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Nylon 618


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Hey guys,

I started to try to print with nylon 618 but I noticed all my prints were not sticking. I tried a variety of temps. I also tried using glue and blue tape and nothing works. How can I fix this?


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Taulman recommends printing on a "Garolite / Tufnol" surface:


9. Bonding surface:

Precision Bond = Machinable Garolite (LE) McMaster Carr PN 8474K141, 8474K151, 8474K161, 8474K171

Warning: Keep surface area to the Garolite at a minimum or you will break your part trying to remove it.


Source: http://taulman3d.com/618-features.html

McMaster is a US supplier iirc. So you should find it there. I bought a sheet from E3D online, but haven't tested it yet (They sell 4mm thick sheets, cut to size).

From the quote above, it sounds like 618 sticks quite well to the Garolite surface :p


Just read that Garolite is also referred to as "Bakelite". I've heard that before...


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    I printed a couple of Ultimaker robots on the Ultimaker 2 with Nylon.

    Relatively small footprint as well, and they printed fine.

    This is what I used for the print:

    Heated bed 95°C

    Temp 215°C

    Speed 50mm/s

    Layer 0.1mm


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    Thats a pretty high temp for bed! I didnt even thought it could go that high.

    I print nylon taulman bridge at 240° and bed at 50° with glue.

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    Posted · Nylon 618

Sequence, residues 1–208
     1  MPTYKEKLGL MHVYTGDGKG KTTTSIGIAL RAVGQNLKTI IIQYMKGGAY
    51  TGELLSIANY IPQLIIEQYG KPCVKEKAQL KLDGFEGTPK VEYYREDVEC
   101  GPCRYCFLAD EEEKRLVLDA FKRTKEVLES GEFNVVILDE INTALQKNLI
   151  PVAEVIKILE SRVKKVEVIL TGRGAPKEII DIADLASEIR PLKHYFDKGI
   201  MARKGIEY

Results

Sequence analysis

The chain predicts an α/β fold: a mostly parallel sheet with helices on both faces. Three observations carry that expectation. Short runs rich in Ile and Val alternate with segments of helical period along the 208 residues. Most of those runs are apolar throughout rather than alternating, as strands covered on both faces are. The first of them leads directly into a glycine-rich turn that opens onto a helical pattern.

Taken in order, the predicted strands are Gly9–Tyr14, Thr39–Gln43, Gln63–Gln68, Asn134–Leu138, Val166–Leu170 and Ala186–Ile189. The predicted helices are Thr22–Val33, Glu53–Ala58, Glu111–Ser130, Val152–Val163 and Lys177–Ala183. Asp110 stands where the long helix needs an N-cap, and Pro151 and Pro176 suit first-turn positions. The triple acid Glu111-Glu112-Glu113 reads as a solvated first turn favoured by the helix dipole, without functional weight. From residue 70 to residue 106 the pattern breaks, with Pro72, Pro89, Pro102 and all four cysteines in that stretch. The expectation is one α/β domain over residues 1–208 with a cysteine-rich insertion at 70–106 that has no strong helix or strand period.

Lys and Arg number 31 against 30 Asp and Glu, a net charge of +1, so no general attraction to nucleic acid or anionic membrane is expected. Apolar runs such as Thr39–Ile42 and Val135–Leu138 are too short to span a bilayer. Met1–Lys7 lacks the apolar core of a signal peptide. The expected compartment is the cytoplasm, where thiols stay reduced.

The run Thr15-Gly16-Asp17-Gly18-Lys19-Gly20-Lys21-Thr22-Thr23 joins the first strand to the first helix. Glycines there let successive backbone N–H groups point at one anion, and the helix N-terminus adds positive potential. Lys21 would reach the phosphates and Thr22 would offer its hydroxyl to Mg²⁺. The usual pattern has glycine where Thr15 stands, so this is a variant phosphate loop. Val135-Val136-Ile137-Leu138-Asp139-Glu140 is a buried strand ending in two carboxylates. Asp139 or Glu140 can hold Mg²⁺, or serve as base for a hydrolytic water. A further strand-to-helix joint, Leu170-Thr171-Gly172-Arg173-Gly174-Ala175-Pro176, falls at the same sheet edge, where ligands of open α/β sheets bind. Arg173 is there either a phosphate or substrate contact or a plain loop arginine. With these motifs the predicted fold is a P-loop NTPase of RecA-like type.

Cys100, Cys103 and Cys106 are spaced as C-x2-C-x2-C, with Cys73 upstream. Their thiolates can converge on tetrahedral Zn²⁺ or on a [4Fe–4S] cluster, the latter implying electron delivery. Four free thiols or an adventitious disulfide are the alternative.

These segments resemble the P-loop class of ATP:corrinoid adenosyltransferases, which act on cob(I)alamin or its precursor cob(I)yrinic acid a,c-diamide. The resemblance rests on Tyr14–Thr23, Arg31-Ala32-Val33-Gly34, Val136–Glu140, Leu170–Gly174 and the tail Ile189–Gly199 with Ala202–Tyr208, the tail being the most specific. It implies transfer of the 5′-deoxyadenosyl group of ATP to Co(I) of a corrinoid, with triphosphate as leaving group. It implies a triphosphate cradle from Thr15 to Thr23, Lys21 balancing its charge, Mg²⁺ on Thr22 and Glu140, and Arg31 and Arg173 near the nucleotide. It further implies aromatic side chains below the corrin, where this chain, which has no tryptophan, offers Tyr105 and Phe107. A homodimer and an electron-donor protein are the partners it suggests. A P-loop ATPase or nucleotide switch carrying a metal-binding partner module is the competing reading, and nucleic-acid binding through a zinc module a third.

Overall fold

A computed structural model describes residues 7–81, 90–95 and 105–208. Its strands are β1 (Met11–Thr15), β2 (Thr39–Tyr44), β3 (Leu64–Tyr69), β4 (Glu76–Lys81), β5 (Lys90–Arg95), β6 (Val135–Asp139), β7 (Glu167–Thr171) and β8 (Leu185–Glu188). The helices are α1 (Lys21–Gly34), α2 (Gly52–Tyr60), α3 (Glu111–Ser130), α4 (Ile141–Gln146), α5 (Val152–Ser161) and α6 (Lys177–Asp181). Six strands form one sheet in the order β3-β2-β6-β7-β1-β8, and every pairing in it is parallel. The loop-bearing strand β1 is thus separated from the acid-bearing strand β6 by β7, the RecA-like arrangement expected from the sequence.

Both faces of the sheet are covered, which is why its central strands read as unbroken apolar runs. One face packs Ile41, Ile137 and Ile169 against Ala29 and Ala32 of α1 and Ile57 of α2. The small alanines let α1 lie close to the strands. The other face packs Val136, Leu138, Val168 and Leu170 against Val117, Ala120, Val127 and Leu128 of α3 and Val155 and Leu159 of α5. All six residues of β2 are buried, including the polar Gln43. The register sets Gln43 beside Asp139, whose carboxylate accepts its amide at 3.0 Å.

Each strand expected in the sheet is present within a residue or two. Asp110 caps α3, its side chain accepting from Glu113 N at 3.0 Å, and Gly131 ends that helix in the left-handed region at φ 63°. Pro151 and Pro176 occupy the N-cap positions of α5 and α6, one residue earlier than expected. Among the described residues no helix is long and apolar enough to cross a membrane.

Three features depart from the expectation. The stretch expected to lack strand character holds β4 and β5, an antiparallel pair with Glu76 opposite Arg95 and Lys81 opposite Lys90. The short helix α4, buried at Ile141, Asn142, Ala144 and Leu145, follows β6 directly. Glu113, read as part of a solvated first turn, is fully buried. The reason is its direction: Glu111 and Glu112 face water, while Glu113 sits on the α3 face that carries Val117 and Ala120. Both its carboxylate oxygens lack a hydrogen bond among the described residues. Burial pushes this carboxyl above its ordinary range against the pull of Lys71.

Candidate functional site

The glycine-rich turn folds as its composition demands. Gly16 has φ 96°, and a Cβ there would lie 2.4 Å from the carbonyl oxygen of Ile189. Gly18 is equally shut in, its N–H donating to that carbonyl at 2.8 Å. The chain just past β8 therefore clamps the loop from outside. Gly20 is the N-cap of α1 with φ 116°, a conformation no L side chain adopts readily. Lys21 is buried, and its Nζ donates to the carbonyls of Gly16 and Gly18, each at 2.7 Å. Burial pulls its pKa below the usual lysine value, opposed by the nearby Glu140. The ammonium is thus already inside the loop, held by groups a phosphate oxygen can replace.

Bridge behaves much nicer than 618 in my experience (no heated bed, I'm on an original). for bridge I have found the correct glue stick works good straight on cold glass.

    If you want to print 618 without a heated bed though I can recommend using the same stuff as seen in http://www.tridimake.com/2013/04/3D-printing-with-cheap-trimmer-line.html

    It leaves a poor bottom surface but it will help keep the print stuck. Also give a shot at drying the filament; as I understand it, much of the shrinking/warping is due to water content loss as it prints.

    In the end I will probably not purchase 618 over bridge since it's soo much easier to print bridge on an unheated bed. Having said that I have yet to test the mechanical properties of 618 vs bridge.

    hope my two cents helps!


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    @IronGland I recently had issues with getting the print to stick for long on the bed at 50C with glue with my Nylon Bridge. I'll have to try on a cold bed with glue next time.